In 1897 Alderman Sidney Story introduced a city ordinance, which would go into effect the following year, designed to isolate prostitution to a vice district just north of the French Quarter. This area became known as Storyville, to Story’s dismay, but most of the neighborhood’s inhabitants, employees, and visitors simply referred to it as the District. Even though Storyville was not the country’s first legally designated red-light district or its first attempt to regulate prostitution, the neighborhood’s notoriety has lingered longer than most. Storyville became a financially successful entertainment mecca, attracting white men of means from around the country as part of the city’s emerging winter tourism economy. Concurrently, a separate red-light district for African American patrons—known as Uptown, or Black, Storyville—operated quasi-legally near the site of today’s city hall. All told, the history of Storyville encompasses a tangle of themes, including prostitution, music, money, racial identity, segregation, drug and alcohol abuse, violence, displacement, and racial and sexual exploitation.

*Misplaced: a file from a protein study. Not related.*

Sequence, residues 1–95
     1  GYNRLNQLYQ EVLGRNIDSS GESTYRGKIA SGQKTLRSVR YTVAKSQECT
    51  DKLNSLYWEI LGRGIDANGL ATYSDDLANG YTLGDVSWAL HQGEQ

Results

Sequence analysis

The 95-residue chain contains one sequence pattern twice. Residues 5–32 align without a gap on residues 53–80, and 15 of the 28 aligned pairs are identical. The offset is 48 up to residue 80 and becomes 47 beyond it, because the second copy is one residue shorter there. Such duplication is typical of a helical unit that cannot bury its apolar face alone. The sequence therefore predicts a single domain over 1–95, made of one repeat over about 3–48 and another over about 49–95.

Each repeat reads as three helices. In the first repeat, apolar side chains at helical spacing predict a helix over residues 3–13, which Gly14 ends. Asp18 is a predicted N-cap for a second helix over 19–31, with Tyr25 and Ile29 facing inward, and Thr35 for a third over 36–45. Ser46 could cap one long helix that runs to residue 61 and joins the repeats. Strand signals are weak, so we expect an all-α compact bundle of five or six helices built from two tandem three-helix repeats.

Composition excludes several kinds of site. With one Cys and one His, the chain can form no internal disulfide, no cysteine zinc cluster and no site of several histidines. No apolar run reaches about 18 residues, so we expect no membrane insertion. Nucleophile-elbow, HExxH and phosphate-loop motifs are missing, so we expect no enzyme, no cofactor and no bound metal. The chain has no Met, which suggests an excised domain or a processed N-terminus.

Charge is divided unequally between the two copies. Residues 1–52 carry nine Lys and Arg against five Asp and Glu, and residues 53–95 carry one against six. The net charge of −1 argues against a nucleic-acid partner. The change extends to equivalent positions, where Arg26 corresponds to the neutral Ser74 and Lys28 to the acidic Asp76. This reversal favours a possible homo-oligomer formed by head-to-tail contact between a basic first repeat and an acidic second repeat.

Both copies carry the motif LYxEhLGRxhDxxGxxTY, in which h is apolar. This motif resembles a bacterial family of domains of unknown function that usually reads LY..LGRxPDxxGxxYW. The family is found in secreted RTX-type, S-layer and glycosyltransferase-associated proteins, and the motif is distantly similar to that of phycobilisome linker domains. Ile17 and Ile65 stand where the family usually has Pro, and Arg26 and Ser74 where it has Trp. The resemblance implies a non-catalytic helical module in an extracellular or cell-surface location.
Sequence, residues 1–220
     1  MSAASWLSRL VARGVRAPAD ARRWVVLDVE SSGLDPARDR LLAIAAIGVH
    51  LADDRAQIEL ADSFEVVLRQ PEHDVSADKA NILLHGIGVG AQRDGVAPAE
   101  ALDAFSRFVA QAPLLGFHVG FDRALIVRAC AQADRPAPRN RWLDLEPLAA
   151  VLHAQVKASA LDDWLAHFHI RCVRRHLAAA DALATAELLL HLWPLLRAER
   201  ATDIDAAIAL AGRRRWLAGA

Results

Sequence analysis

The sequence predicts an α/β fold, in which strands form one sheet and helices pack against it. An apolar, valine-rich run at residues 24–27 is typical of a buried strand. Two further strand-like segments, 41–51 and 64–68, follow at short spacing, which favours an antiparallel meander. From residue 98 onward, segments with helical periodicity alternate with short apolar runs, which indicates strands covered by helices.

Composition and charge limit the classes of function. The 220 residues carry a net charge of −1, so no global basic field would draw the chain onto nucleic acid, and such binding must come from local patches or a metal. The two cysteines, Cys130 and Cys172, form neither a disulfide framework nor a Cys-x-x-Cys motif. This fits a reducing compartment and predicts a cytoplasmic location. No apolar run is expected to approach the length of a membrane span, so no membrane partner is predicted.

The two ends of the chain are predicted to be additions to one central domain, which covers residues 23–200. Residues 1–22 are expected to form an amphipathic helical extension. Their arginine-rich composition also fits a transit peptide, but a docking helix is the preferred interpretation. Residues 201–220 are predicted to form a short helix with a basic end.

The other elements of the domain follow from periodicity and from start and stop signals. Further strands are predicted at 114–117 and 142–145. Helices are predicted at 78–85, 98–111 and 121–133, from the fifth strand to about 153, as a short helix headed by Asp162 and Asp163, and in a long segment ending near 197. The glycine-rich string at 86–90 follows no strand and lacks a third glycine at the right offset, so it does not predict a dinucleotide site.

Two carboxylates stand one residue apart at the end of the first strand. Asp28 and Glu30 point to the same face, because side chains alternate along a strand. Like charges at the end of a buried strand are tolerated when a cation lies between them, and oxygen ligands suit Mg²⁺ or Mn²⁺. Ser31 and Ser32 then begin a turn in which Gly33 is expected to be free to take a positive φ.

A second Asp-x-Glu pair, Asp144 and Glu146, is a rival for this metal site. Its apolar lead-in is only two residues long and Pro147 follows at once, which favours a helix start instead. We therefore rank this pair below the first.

Twenty years into the experiment, the District was in a state of decline, facing pressures from social and political changes sweeping the nation, including the country’s entry into World War I. In 1917 the federal government prohibited open prostitution within five miles of any military installation, forcing the closure of red-light districts across the nation. The curtain fell on Storyville on November 12, 1917. That same year, the Original Dixieland Jazz Band, a group of white musicians from New Orleans, recorded what is considered the first jazz record. Featuring “Livery Stable Blues” and “The Original Dixieland Jass Band One-Step,” the record was released by Victor and quickly became an international hit, contributing to the spread of New Orleans jazz music that presaged the Jazz Age.

Photograph showing Southern Railway Terminal
ca. 1920
by Charles L. Franck Photographers
The Historic New Orleans Collection,The Charles L. Franck Studio Collection, 1979.325.6112

Interior of Terminal Café
May 11, 1911; photoprint mounted on card
The Historic New Orleans Collection, 2000.80.5

Postcard showing view of Storyville 
between 1904 and 1908
by C. B. Mason, publisher
The Historic New Orleans Collection, 1979.362.16

Newspaper clipping announcing the passage of the ordinance restricting prostitution to the district bound by Customhouse (now Iberville), Basin, N. Robertson, and St. Louis Streets
from the New Orleans Daily Picayune   
January 1897
courtesy of Louisiana Division / City Archives, New Orleans Public Library

Original Dixieland Jazz Band’s first record
by RCA-Victor
The Historic New Orleans Collection, The William Russell Jazz Collection, acquisition made possible by the Clarisse Claiborne Grima Fund, MSS 529, 92-48-L.54

Blue Book
New Orleans, [between 1913 and 1915]
The Historic New Orleans Collection, 77-2346-RL